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Help for Burnout: 3 Lifelines You Can Use

Accessible strategies are available online and in person.

Key points

  • The major drivers of burnout are at the system level. However, needed changes at this level are likely to be slow in coming.
  • A study of physicians with high emotional exhaustion showed that one-on-one coaching decreased burnout by 20 percent over 5 months.
  • Recent research indicates mindfulness-based interventions (MBIs) aid burnout in the short term.
  • Peer support groups have proven helpful with a range of issues, from burnout to leadership development.
Source: Photo credit: Pixel-Shot/AdobeStock

This post was co-authored by Kim Garver, M.D., and Amy Young, Ph.D.

Burnout is rampant. What helps?

Lighter workloads, more efficient systems, and greater support for mental health are sorely needed. Given the financial and staffing challenges many organizations are currently facing, near-term progress in these areas is likely to be slow at best.

Recent research notes several “lifelines” individuals can leverage in the short term as long-term, system-level changes unfold in parallel. We describe three such strategies and the research that supports them.

One-on-One Coaching Helps

A proven strategy that aids burnout is 1:1 coaching. A 2019 randomized clinical trial published in JAMA Internal Medicine by Liselotte Drybe, M.D. and colleagues from the Mayo Clinic showed a statistically significant decrease in physician burnout with 1:1 coaching over a 5-month period. Absolute rates of high emotional exhaustion at 5 months decreased by about 20 percent in the intervention group and increased by about 10 percent in the control group.

While coaching carries some cost (around $1400/individual in this report), the price of burnout is much higher, running in the billions per year. The Cleveland Clinic estimates its coaching program has saved over 133 million in physician retention alone, while also improving wellness and leadership skills.

Mindfulness-Based Interventions Aid Burnout

As with coaching, recent research indicates mindfulness-based interventions (MBIs) aid burnout in the short term. A 2021 meta-analysis of 25 studies involving 925 physicians examined the impact of MBIs on burnout and stress and demonstrated they were associated with small-to-medium benefits that persisted on follow-up.

This study and others have noted MBIs are also associated with increased compassion and dedication to work, and an improved therapeutic alliance between providers and clients. MBIs include breath- and body-based practices. They offer flexibility in when and how they are used and are not tied to a specific place or time, like a gym, making them an attractive option for busy individuals.

When offering MBIs in our health system, one of us (DF) has noted that sessions on “mindfulness of feelings” and “self-compassion” are especially resonant for healthcare workers who continue to navigate the impact of COVID-19.

Burnout and the Benefits of Support Groups

A third short-term strategy that individuals can leverage is a peer support group. Such groups have proven helpful with a range of issues from burnout to leadership development.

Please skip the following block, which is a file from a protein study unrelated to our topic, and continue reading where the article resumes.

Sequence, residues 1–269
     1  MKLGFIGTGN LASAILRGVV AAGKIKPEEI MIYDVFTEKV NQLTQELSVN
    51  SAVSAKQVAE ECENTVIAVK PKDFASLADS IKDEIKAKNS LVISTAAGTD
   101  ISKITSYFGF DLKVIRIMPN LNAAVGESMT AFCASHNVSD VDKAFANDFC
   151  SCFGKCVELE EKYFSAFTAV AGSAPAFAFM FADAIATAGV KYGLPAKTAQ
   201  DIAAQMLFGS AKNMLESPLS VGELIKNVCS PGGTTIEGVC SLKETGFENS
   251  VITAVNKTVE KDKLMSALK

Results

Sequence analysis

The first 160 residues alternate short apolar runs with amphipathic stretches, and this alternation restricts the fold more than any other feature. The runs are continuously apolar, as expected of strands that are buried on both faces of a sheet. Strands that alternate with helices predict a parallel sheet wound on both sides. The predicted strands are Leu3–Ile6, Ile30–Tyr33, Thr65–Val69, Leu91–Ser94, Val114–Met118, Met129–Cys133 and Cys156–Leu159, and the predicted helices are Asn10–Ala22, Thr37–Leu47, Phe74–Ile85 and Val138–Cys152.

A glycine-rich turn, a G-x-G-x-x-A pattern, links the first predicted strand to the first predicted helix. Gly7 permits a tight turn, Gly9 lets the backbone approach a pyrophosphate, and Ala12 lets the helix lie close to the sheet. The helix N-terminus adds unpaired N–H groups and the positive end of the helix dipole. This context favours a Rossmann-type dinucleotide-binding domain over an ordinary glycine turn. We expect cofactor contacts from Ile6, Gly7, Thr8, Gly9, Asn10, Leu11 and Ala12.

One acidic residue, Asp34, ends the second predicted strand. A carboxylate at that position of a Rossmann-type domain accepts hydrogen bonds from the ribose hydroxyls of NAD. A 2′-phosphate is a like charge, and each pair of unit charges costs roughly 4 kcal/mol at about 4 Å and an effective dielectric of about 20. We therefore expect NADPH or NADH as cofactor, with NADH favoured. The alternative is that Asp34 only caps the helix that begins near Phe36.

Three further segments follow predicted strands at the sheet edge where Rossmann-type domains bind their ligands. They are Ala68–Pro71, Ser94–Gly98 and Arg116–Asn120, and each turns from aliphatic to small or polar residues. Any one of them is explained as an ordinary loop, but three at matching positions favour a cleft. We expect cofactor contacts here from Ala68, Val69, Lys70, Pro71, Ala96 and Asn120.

One way support groups help is by normalizing the range of emotions individuals experience, from exhaustion to the stresses of navigating career and family life. Such support, coming directly from those with similar experiences, can be especially resonant.

In a 2021 randomized controlled trial by Colin West, M.D., and colleagues from the Mayo Clinic, support groups reduced the rate of overall burnout in the short term. In this study, groups of six to eight individuals met every two weeks over a six-month time period to share a meal and discuss relevant topics. Follow-up assessment six months after the program ended showed statistically meaningful changes in overall burnout and depressive symptoms in the intervention arm versus the control group.

Coaching, mindfulness interventions, and support groups can all be accessed online, supporting privacy and convenience. Importantly, these three strategies are not mutually exclusive. Two or more can be used in the same day or week to support growth, health, and wellness. Many other approaches, like CBT, may also be effective in aiding burnout at the individual level.

We have first-hand experience using and offering these three strategies. Clearly, they are not substitutes for organizational-level efforts to address the fundamental system-level drivers of burnout. For lasting change to occur, root causes must be addressed. Both short- and long-term strategies can aid these efforts.

Organizations must intensify efforts to decrease workload, create more efficient systems, and support mental health for long-term improvements in burnout. Meanwhile, if you are facing burnout, know that evidence-based help is available now.


Dyrbye LN, Shanafelt TD, Gill PR, et al. Effect of a Professional Coaching Intervention on the Well-being and Distress of Physicians: A Pilot Randomized Clinical Trial. JAMA Intern Med. 2019;179(10):1406-1414.

Fendel JC, Burkle JJ, Goritz AS. Mindfulness-Based Interventions to Reduce Burnout and Stress in Physicians: A Systematic Review and Meta-Analysis. Acad Med. 2021;96:751-764.

West CP, Dyrbye LN, Satele DV, Shannafelt TD. Colleagues Meeting to Promote and Sustain Satisfaction (COMPASS) Groups for Physician Well-Being: A Randomized Clinical Trial. Mayo Clin. Proc. 2021;96:2606-2614.

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